Stressed Koreans cut costs at home but flex on luxury items
Covid-19 is changing consumption patterns, often in unexpected ways. As the pandemic continues, an increasing number of Koreans are splurging on luxury goods while simultaneously cutting down costs of daily necessities.
The two contrasting consumer sentiments are shown in the growing demand for both cheap bulk packs of household goods, like shampoo, at the same time as extravagant goods, such as high-end watches. This tendency is seen as a reflection of people looking for a bit of retail therapy to break the stress of the pandemic at the same time as trying to cut costs in everyday life.
People are coping with stress and depression by flexing on expensive items — essentially buying things to show off and feel good about themselves.
There is data to back up this paradox. According to e-commerce site Gmarket on Wednesday, sales of affordable and pricey items both rose over the past month. The tendency toward saving can be seen in sales of daily necessities and food — categories where there are lots of options and it is therefore relatively easy to try and cut costs.
Over the last four weeks, sales of large packs of detergent rose by 31 percent on year. Bulk-buying body care products rose by 10 percent and hair treatment by 26 percent. Since both items can be used over a long period of time, demand is high among one- and two-person households.
The spike in demand for reusable silicone wrap increased by almost 200 percent, while washable kitchen towels rose by 41 percent. Consumers are also inclined to buy refurbished items, which are products that have been returned to the manufacturer or vendor. During the same period, sales of refurbished home appliances and other digital products, including PCs, almost doubled.
Affordable food items have been selling consistently, as people have been spending more time at home. Sales of large bags of rice have more than quadrupled. Due to an especially long wet season this year resulting in a spike in grocery prices, imperfect produce also sold well. On Gmarket, sales of imperfect vegetables rose 70 percent and fruit rose 42 percent.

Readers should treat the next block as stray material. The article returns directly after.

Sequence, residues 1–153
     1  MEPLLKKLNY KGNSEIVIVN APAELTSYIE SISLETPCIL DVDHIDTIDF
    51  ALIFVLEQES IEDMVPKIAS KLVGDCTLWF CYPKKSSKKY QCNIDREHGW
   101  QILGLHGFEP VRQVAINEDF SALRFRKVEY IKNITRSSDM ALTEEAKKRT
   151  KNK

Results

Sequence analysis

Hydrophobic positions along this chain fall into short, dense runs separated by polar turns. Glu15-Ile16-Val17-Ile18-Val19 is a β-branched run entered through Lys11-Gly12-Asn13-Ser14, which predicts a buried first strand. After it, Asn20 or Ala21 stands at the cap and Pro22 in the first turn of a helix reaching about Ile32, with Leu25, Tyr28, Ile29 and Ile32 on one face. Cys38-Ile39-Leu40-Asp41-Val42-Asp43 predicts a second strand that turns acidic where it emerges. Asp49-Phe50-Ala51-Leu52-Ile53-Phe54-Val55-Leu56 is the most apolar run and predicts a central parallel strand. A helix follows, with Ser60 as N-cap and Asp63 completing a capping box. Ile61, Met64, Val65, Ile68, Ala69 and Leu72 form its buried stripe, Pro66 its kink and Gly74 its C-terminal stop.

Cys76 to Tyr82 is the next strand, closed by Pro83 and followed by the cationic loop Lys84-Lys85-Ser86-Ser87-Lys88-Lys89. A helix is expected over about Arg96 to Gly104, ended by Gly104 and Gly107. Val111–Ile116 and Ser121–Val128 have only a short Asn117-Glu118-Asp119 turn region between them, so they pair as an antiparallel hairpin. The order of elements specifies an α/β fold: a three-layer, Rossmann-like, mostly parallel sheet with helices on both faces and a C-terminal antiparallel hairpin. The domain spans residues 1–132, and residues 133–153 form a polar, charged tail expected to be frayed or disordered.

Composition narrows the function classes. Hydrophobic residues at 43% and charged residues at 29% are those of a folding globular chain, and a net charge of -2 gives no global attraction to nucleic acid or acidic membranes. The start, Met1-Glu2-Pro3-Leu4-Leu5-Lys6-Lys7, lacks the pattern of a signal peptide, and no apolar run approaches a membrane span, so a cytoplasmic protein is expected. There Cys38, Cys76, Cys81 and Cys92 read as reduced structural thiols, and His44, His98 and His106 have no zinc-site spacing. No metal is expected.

Emart has also been running a promotion offering cheaper prices for pears and apples that are as fresh and sweet as regularly priced ones, but with less appealing shapes. These pears are 50 percent cheaper, while apples are 25 percent cheaper. Emart is planning to sell a total of 2,500 tons of imperfect apples and pears. These affordable alternatives have proven popular as they also help farms affected by the harsh rainy season.
Yet at the same time as all this bargain hunting, luxury goods have been selling well both online and offline.
Sales of luxury watches on Gmarket marked a 126 percent on-year increase. Clothes from high-end brands saw a 17 percent increase in sales, while sales of other luxury merchandise rose by 31 percent.
Selling luxury products from duty-free stores, which started to be available to regular customers from July, were a big success. Hordes of people lined up for offline events at department stores from the break of dawn, while servers often broke down during duty-free stores’ online events.
People are also spending a lot on their hobbies.
Most of the categories under leisure saw a double-digit percentage growth. Sales of golf equipment rose by 14 percent, and sales of camping equipment by 22 percent. Despite the long monsoon season this year, fishing equipment sales also increased by 4 percent.
The premium home appliance market has also seen rapid growth. Sales of clothing care machines, dishwashers and capsule coffee machines all saw significant jumps in sales.
“The coronavirus pandemic’s effect on consumption patterns has been combined with the you-only-live-once [YOLO] trend, which has settled in the mainstream culture,” said a Gmarket spokesperson. “This pattern is expected to continue until the pandemic lets up and economic recovery begins.”
BY JEON YOUNG-SUN [email@example.com]
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